He didn’t know the subject matter? The subject matter was this court just convicted me of two cold-blooded murders without any evidence. The subject matter is my attorney just let them find me guilty of two capital offenses based on a third attempted murder that happened while I was at work. The subject matter was my attorney hired a ballistics expert who could hardly see and who was crucified on the stand. The subject matter was the state of Alabama wanted to strap me to Yellow Mama and murder me for crimes I didn’t commit.

I took a deep breath, closed my eyes and said the same prayer I had prayed in my head a thousand times. Dear God, let them know the truth of things. Let them see into my mind and my heart and the truth. Bless the judge. Bless the DA. Bless the victims’ families who are in pain. Dear God, let there be justice. Real justice. divider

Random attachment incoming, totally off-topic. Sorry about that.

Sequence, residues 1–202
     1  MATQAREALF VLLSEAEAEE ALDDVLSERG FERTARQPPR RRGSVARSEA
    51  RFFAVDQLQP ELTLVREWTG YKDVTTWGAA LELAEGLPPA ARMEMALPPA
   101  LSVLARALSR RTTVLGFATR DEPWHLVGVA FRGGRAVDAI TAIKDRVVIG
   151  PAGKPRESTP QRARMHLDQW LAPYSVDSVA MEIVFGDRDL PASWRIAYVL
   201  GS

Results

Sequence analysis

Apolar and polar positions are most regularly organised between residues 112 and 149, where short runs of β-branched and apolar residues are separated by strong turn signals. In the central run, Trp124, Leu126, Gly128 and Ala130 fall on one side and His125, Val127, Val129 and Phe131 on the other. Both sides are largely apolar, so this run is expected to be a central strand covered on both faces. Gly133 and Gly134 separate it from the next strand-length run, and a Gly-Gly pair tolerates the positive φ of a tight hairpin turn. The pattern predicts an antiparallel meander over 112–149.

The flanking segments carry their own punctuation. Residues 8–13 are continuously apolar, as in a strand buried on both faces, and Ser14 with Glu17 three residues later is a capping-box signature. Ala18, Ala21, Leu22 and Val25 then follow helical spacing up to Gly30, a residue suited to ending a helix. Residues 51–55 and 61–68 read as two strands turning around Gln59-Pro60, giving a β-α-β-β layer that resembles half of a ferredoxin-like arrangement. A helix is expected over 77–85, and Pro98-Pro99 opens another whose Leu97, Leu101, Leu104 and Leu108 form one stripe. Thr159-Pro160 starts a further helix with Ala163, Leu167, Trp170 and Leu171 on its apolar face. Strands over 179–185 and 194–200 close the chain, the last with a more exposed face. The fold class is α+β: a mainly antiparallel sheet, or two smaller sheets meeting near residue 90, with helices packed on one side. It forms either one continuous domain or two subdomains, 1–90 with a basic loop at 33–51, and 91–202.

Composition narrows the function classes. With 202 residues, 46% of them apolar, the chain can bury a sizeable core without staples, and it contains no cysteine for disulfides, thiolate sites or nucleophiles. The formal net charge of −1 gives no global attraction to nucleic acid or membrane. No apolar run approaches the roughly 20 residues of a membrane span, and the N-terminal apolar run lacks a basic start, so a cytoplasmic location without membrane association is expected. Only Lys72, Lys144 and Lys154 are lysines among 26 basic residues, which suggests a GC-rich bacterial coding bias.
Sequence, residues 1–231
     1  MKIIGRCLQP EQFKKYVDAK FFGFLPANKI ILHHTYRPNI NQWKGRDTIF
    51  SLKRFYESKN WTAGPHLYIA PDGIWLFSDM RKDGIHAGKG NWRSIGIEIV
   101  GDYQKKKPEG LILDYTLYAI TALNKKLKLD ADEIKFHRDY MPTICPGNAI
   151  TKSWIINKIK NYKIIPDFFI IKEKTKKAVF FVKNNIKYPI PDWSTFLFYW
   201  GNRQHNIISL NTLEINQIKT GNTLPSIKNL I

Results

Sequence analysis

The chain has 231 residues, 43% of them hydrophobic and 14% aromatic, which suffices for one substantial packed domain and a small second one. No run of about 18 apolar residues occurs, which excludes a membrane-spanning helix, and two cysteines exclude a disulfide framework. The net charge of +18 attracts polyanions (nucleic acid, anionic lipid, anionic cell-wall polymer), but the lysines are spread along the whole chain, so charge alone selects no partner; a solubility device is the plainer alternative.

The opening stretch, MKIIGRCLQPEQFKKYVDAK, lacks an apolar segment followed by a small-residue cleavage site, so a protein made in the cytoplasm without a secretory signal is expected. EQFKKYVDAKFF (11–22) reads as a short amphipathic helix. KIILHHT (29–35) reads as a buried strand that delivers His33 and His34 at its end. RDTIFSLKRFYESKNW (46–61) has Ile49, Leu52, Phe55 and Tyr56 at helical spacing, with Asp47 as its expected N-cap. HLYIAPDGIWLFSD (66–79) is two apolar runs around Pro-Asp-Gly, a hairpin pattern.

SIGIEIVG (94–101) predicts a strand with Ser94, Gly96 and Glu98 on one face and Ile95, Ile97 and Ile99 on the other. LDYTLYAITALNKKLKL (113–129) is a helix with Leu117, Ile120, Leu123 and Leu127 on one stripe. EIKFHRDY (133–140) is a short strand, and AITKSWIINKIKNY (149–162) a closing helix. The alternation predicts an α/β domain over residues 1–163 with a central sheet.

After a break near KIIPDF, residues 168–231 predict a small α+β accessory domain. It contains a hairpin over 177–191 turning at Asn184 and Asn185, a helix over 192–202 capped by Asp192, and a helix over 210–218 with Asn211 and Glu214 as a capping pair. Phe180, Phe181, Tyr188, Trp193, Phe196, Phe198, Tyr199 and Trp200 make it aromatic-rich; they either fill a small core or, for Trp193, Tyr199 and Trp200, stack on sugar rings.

It was time for the judge to sentence me. This was my fate from the second they arrested me. Someday they would know I didn’t do it. And then what? What do you say to a man when you find out he didn’t do it? What would they all say then? I sat up as straight as I could. I wasn’t going to beg for my life.

It was a brief recess. Just three hours until they were bringing me back into that courtroom of rich wood and white faces for the last time. I listened as my attorney made one last attempt to object to them trying me for two capital offenses that were only related to each other by circumstance and not related to me by any evidence whatsoever. Somehow, the state of Alabama was able to consolidate the cases, relate them to a third and put the death penalty on the table. This was the real capital offense.